The European Data Protection Board (EDPB) has issued a long-awaited opinion on the EU-US Data Privacy Framework.

Here are some key takeaways:

The Commercial Part:

  • The scope of the exemptions to the adherence to the principles, including on the applicable safeguards under U.S. law, must be clarified. In addition, the Commission should be informed of and monitor the application and adoption of any statute or government regulation that would affect adherence to the DPF Principles.
  • The DPF Principles are identical to the Privacy Shield Principles and all issues stated by the WP29 in its 2016 opinion continue to apply, as do all of the comments made in the past joint reviews.

Some Specifics:

  • The principles need to clarify which of the DPF Principles are applicable to DPF Organizations that are “processors” or “agents,” and which are applicable to “controllers.”
  • The exceptions to the right of access should be assessed, specifically with respect to publicly available information.
  • The right to object to processing should be added, and it should not only be part of the privacy notice but rather presented in a way that makes exercising it feasible.
  • Address further processing of HR data. Further processing of HR data for nonemployment-related purposes will in most cases be considered incompatible with the original purpose, and that consent will rarely be entirely free when given in an employment context.

Onward Transfers Must Be Addressed Better:

  • Intra group transfers should not be carved out of the requirements.
  • Organizations bound by the framework should assess prior to an onward transfer that the mandatory requirements of the third country’s national legislation applicable to the recipient would not undermine the continuity of protection of the data subjects whose data is transferred.

Automated Decision Making:

  • Specific rules concerning automated decision-making are needed in order to provide sufficient safeguards, regardless of which sector . That includes the right for the individual to know the logic involved, to challenge the decision and to obtain human intervention when the decision significantly affects him or her.
  • It cannot be ruled out that automated decision-making could be used by a US-based controller on data transferred under the Draft Decision (e.g. in the context of employment, for assessing performance at work, insurance and housing.

Enforcement Mechanisms:

  • Oversight by the FTC has to be effective (also regarding the substantive requirements) and must be monitored, including by the EDPB in the periodic reviews.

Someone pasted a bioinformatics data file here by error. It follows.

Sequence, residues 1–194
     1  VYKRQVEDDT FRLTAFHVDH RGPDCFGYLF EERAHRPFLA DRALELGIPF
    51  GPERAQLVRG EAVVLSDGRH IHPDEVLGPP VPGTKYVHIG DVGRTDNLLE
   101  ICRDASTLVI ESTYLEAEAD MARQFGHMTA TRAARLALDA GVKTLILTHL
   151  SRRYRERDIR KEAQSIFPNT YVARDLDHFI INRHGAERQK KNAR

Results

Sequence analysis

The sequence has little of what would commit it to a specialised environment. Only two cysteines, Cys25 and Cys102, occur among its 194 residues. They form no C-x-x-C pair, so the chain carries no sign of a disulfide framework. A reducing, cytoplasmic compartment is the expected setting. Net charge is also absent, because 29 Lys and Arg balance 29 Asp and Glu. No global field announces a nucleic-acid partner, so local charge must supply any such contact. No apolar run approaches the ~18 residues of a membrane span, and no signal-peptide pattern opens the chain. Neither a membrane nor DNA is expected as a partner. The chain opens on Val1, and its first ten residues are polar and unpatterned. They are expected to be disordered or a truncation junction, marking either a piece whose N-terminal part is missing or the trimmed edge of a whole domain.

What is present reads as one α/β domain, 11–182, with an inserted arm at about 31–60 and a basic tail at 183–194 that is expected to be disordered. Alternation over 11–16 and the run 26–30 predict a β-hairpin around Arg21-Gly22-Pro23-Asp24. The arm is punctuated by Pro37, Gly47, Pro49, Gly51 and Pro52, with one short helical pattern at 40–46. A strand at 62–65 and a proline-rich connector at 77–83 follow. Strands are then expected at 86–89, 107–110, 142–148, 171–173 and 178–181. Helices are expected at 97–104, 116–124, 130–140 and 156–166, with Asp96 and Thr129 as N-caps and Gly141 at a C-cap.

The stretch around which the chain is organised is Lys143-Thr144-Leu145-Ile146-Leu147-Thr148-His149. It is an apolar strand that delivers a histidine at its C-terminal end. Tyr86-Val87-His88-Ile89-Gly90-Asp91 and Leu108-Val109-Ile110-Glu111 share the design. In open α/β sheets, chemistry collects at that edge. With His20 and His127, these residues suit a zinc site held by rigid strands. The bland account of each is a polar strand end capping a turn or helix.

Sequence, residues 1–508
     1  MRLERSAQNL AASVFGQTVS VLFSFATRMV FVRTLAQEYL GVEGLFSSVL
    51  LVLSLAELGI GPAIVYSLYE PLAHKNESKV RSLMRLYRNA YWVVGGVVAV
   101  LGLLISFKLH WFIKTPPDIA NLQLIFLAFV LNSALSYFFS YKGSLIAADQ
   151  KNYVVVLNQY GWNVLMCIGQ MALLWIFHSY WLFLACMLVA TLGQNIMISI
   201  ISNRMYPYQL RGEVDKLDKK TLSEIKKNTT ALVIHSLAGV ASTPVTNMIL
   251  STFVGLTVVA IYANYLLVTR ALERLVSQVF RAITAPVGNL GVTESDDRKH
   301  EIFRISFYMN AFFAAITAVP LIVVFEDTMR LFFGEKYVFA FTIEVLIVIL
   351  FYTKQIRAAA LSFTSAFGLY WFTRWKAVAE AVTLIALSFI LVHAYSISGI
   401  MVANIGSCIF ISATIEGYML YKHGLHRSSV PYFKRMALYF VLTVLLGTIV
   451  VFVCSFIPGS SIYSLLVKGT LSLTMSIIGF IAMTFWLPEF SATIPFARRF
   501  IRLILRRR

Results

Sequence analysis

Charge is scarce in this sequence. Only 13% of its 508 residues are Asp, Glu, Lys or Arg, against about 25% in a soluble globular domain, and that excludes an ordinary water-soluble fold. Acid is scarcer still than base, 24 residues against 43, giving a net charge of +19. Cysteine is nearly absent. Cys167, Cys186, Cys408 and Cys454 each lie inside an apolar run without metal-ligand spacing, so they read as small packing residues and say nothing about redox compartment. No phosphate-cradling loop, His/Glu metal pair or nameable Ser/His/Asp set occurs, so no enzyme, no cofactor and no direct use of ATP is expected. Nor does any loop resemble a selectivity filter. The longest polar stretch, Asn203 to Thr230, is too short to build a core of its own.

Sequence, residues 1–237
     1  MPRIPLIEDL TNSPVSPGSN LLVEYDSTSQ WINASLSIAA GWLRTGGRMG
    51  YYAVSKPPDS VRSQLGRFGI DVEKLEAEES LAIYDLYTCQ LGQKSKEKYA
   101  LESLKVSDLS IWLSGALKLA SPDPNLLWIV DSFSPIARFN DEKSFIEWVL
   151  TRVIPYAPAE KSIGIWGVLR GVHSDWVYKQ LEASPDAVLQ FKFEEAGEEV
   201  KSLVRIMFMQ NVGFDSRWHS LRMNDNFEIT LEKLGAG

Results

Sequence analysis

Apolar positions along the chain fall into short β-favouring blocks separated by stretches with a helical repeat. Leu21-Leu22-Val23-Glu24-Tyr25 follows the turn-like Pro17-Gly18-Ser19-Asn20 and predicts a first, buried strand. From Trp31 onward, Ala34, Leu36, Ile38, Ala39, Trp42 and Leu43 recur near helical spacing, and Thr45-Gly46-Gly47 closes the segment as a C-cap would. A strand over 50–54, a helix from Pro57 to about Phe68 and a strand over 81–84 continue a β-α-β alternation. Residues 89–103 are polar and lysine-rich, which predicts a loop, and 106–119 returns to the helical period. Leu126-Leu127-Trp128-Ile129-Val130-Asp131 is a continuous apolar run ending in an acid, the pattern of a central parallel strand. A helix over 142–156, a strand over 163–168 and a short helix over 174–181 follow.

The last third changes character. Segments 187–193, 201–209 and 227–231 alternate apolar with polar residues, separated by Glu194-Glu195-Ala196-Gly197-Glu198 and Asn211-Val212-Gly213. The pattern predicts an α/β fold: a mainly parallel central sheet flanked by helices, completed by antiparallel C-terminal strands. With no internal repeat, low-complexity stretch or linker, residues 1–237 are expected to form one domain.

• EDPB would welcome further information (i) as to whether the EU DPA’s possibility to give advice on remedial or compensatory measures could include recommendation for fines or the use of investigative powers and (ii) to which extent the EU DPA’s action would be taken into account as evidence for enforcement action by the FTC or the DoT.

The NSA Ate My Cookies Part:

  • Not only the entry into force but also the adoption of the decision are conditional upon inter alia the adoption of updated policies and procedures to implement EO 14086 by all US intelligence agencies.
  • The Commission should assess these updated policies and procedures and share this assessment with the EDPB.
  • Additional clarification is needed on questions, in particular, relating to “temporary bulk collection,” and to the further retention and dissemination of the data collected (in bulk) in the U.S. legal framework.
  • Clarification is also needed as to whether there are any relevant international agreements concluded with third countries or international organizations that may provide for specific provisions for the international transfer of personal data by intelligence services to third countries. The Commission should assess whether the provisions of international agreements may affect the level of protection afforded to personal data transferred from the EEA by the legislative framework and practices in relation to onward transfers for national security purposes.
  • The safeguards of the EO 14086 should be implemented and applied when data is collected under Section 702 FISA and EO 12333 and the PCLOB reports should be reviewed to see whether this is indeed the case.
  • The EDPB remains concerned that the possibility to collect data in bulk, i.e. without discriminants, is still provided without key safeguards such as prior authorization to collect these data.
  • The effects of amendments in the concepts of necessity and proportionality need to be assessed in practice, including the review of internal policies and procedures implementing the EO’s safeguards at agency level.
  • The Commission should suspend, repeal or amend the adequacy decision on grounds of urgency, in particular if the U.S. Executive would decide to restrict the safeguards included in the EO.
  • The specific redress mechanism created under EO 14086 in the data protection rights court (DPRC) as opposed to redress in Article III courts is not per se insufficient and the safeguards provided do not give reason to doubt the DPRC’s independence.
  • The EDPB recognizes that the decisions of the DPRC are indeed reasoned. However, the Commission should closely monitor how the standard response of the DPRC – notifying the complainant that either no covered violations were identified or a determination requiring appropriate remediation was issued, and its non-appealability, taken together – actually works in practice.
  • After the first review, scheduled for one year from notification of adequacy, the Commission should carry out the subsequent reviews at least every three years with any relevant documentation to be shared in writing with the EDPB, including correspondence, sufficiently in advance of the reviews.